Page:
Musical Futures is a movement to reshape music education driven by teachers for teachers. At its heart is a set of pedagogies that bring non-formal teaching and informal learning approaches into
more formal contexts, in an attempt to provide engaging, sustainable and relevant music making
activities for all young people.
Our core aim is to promote, support and develop innovative and high quality teaching and learning
of music through MF approaches in schools across the UK
What defines Musical Futures in practice?
- A variety of non-formal and informal teaching and learning approaches grounded in secure
- Practical work on instruments/voice, creating authentic musical experiences
- Aural learning, that fully integrates listening with practical music making, improvising and
- Students are motivated and engaged by music they value and that is relevant to them,
before moving onto other musical and learning styles
- Technique, notation and other forms of written instruction are part of the process but are
developed through practical playing
- Teachers and practitioners act as facilitators, through showing rather than telling, and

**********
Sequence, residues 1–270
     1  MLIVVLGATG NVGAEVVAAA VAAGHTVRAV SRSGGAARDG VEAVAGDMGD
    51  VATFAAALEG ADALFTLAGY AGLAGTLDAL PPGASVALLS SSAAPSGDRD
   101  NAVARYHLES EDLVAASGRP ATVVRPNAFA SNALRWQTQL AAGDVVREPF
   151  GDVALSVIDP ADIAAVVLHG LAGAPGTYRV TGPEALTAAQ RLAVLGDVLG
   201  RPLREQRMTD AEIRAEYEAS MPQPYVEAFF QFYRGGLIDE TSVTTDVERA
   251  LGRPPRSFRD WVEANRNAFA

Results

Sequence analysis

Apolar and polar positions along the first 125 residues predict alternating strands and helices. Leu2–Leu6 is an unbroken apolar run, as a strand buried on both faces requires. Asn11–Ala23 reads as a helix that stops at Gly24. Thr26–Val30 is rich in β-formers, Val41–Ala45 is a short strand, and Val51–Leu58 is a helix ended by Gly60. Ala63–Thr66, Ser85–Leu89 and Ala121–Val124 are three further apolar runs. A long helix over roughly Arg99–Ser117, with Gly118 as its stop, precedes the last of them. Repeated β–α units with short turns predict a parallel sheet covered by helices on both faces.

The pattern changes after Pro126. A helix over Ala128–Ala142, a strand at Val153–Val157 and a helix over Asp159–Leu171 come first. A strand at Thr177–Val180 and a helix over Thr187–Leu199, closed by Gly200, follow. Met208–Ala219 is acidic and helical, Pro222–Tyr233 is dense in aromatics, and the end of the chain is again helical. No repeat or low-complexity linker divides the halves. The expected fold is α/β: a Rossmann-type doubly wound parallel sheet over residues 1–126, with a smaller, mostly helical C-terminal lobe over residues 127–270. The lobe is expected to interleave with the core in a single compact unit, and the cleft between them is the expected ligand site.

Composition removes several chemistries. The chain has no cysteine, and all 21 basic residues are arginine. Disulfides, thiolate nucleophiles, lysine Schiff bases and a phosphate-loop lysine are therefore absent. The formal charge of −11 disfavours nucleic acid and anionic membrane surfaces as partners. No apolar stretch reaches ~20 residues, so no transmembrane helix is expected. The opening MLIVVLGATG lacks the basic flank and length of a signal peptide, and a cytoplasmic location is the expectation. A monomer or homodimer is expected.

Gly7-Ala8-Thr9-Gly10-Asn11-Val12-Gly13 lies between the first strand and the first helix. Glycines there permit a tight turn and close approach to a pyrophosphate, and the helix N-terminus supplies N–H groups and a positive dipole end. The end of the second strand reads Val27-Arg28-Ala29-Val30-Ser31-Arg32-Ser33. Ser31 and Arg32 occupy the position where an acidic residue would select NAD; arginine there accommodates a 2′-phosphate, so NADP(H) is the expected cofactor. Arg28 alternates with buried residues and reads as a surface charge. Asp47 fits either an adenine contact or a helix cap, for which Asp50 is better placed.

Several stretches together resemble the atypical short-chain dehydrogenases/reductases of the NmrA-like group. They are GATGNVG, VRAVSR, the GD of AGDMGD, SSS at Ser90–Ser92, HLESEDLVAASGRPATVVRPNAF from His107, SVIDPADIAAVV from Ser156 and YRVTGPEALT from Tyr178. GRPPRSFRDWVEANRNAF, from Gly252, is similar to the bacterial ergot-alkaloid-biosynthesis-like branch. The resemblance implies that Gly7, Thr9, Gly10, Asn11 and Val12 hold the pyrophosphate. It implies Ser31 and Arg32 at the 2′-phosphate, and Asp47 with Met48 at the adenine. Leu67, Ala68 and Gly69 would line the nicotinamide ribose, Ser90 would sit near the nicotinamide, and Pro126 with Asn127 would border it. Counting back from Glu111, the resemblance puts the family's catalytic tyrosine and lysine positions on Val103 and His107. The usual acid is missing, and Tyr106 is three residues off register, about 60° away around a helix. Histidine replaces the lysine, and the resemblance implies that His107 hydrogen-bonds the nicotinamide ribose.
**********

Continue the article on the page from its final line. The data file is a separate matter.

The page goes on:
through guiding and modelling rather than instructing
- Develops skills and confidence in teachers enabling them to deliver high quality MF
What we do
Musical Futures is a Paul Hamlyn Foundation special initiative. It began in 2003
when the Paul Hamlyn Foundation instigated an initiative to find new and imaginative ways of
engaging all young people in meaningful music activities.
As a ‘movement’ Musical Futures has always operated from the ground-up. The people who do the
bulk of the Musical Futures work are teachers and practitioners in classrooms, who take the Musical
Futures approaches and implement them, often with little or no additional funding.
Centrally we aim to respond to the needs of teachers, practitioners and others who are using the
Musical Futures approaches.
The work of Musical Futures falls into four main areas:
Musical Futures delivers more than 60 training and CPD courses per year. All courses are run
by Musical Futures ‘champion teachers’ – i.e. those who have been
delivering Musical Futures themselves and have experience and practical guidance to share with
others. Training is free of charge, and open to anybody to attend.
Musical Futures commissions and collects resources showing how teachers can deliver high quality,
relevant music making projects and approaches in their classroom. Musical Futures has also
produced a selection of research and reports about how to engage learners in the music classroom.
Musical Futures runs an online network for music teachers, as well as running
local networking events, and national conferences and Teach Meets.
Musical Futures regularly works in partnership with other organisations to deliver new and exciting
projects, usually culminating in has always worked in partnership with other organisations to deliver
exciting projects. These have involved the Royal Opera House,